From the “perspective” of Faith (should it even have a perspective at all), Reason and the aesthetic grounds by and through which it “reasons” are absurdities, futilities, completely impractical, and utterly fruitless psycho-linguistic exercises that only a hopelessly myopic, finite, delusional, existentially desperate, and aesthetically impotent fool would be willing to suffer for any sustained length of time (in other words, what only man could continually pursue in his ignorance). Faith, on the other hand, insofar as the domain itself renders impossible the particularization of any single “thing” that might seek to “know itself” as a particular “thing” with a particular perspective within its domain, is in no place to render any sort of subjective judgment or valuation against Reason.
For only in Subjectivity can there be judgment – and with judgment, also value. Not that this judgment and the values it elucidates are truly and eternally valuable in and of themselves, for they cannot be. No, such judgments, insofar as they originate in man and are thus particular “parts” of him are, as parts, incapable of achieving universality or attaining an ultimate value over the whole.
Indeed, values, if they are to realize the ultimateness that they long for and, in fact, cannot be considered a “worthy” value without, can only accomplish this ultimateness if it is decreed by some outside force, some external entity, or independent deity that exists apart from man and his subjectifying tendencies.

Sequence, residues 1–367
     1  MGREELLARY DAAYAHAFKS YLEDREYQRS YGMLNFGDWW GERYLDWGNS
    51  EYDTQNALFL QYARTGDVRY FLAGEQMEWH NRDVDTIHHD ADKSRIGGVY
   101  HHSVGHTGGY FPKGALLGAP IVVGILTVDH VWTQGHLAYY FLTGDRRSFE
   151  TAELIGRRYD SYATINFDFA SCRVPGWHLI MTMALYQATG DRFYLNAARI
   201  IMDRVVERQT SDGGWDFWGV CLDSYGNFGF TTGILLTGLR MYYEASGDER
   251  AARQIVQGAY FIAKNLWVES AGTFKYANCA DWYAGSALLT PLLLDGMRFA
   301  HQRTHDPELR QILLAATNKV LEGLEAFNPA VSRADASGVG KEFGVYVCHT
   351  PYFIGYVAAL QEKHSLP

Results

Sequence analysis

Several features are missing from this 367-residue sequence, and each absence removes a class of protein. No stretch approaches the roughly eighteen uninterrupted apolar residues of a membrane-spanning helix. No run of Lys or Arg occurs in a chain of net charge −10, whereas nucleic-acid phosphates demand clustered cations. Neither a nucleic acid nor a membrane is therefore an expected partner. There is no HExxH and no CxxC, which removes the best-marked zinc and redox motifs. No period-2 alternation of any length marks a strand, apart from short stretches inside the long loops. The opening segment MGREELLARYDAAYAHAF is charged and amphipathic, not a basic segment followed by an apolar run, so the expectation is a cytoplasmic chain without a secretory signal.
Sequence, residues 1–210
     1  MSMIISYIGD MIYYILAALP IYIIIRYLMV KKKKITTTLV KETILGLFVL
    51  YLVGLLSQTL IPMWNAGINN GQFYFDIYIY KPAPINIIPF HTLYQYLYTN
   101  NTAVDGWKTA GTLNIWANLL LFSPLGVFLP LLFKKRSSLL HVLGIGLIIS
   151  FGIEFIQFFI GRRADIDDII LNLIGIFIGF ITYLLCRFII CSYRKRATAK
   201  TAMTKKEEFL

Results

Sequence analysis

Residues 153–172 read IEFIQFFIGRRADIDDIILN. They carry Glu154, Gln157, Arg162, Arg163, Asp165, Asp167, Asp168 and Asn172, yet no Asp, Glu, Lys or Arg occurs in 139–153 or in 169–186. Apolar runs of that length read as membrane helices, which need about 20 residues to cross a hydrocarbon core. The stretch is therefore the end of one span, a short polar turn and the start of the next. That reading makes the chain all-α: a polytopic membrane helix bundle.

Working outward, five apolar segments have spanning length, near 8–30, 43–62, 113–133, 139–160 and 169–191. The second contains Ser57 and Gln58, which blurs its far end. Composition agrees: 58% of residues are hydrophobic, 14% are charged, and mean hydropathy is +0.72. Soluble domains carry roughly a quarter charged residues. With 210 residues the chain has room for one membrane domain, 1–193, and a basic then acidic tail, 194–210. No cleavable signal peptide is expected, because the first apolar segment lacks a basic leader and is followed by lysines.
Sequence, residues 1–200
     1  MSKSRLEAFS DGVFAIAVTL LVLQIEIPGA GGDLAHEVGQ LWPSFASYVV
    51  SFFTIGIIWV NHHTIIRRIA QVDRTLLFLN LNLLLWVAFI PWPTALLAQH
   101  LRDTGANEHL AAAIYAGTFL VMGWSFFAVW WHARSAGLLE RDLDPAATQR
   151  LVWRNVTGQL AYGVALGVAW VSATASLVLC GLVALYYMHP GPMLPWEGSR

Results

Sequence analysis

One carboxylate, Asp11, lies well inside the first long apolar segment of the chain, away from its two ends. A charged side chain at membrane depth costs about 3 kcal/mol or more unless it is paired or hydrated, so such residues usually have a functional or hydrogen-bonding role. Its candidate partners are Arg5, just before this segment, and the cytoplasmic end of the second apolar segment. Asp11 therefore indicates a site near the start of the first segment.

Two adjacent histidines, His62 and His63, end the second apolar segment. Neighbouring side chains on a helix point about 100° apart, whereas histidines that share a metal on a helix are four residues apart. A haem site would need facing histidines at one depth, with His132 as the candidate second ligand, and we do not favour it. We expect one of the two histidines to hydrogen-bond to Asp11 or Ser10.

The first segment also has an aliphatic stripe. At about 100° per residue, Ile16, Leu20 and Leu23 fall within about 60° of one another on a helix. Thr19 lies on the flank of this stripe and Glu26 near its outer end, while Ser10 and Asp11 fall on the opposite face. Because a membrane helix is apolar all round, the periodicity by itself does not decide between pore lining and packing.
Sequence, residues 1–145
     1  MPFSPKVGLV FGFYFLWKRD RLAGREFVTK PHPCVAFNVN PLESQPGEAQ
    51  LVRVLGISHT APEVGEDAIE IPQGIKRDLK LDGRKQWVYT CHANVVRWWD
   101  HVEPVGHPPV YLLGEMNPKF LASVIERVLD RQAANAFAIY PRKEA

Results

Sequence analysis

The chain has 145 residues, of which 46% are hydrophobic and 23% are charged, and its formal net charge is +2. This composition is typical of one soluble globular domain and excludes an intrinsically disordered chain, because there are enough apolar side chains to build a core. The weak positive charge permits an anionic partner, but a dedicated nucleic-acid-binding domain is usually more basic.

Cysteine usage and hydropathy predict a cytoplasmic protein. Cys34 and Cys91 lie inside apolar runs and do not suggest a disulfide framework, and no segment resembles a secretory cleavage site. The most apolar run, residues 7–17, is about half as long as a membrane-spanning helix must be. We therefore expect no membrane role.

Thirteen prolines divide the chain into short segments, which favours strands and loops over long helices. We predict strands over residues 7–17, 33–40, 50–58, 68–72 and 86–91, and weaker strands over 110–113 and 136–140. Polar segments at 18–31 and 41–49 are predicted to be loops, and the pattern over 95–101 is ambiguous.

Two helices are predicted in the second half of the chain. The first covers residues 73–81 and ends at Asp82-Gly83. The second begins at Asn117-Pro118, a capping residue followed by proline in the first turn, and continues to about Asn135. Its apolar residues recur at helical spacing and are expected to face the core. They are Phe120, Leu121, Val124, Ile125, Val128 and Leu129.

For man and his world is a closed system.
All of this, I realize, is an unsynthesizable paradox. Because, to achieve the particularity required to first judge and elucidate values from one Entity (who in our case has hitherto been considered God) to another (man), that Entity would first have to become subjective and be thus capable of judging and decreeing said Entity’s subjectifications which would thereby preclude the Entity from the objective domain of Faith from which all value originates, insofar as Faith is apart from and alien to the linguistic limitations of Reason by which man believes he knows himself as “man” in the first place.
Faith is that which cannot be encircled or enframed.
Reason, on the other hand, not only enframes but is an enframement.
Faith and Reason are nevertheless mutually dependent upon and, in a certain sense, “responsive” to the workings of the other and, as such, achieve their unique qualities only in light of their opposite. Thus does Faith, which is necessarily boundless and formless and, in this sense, utterly chaotic compared to the apparent orderliness of Reason, also encircle the whole of Reason, and thereby everywhere delimit Reason’s most far-reaching implications, insinuations, and creations by highlighting that which Reason does not know nor ever can, no matter how hard Reason reaches and tries.
Faith, then, in its totality, can be visualized as a circle; Reason a line. Or, at least Reason will appear to be a line to we so tyrannized by the myopia that subjectivity necessarily forces upon us insofar as Reason requires for its aesthetic actualization a certain intensity of focus and brevity of action to complete a task or else, to actualize a teleological goal.
Faith, however, can never be a line, not even if our short-sighted perspective perceives its unfathomable scale as such. No, Faith by its very nature resists all particularizations insofar as man might endeavor to approach Faith on its own grounds and according to its own paradoxical demands. Man, of course, does not have to respect such demands and indeed seldom, if ever, can or will without the grace of some exterior assistance that might enable him to attain the requisite perspective; the loftiness of which, in a certain sense, could be considered “no perspective at all” but whose towering altitude nevertheless grants him a broad and deep enough vantage to see Faith for “what it is”, however impossibly paradoxical the vista.
Devil walks into bar. Orders drink. Asks Philosopher sitting next to him: “And what do you do?”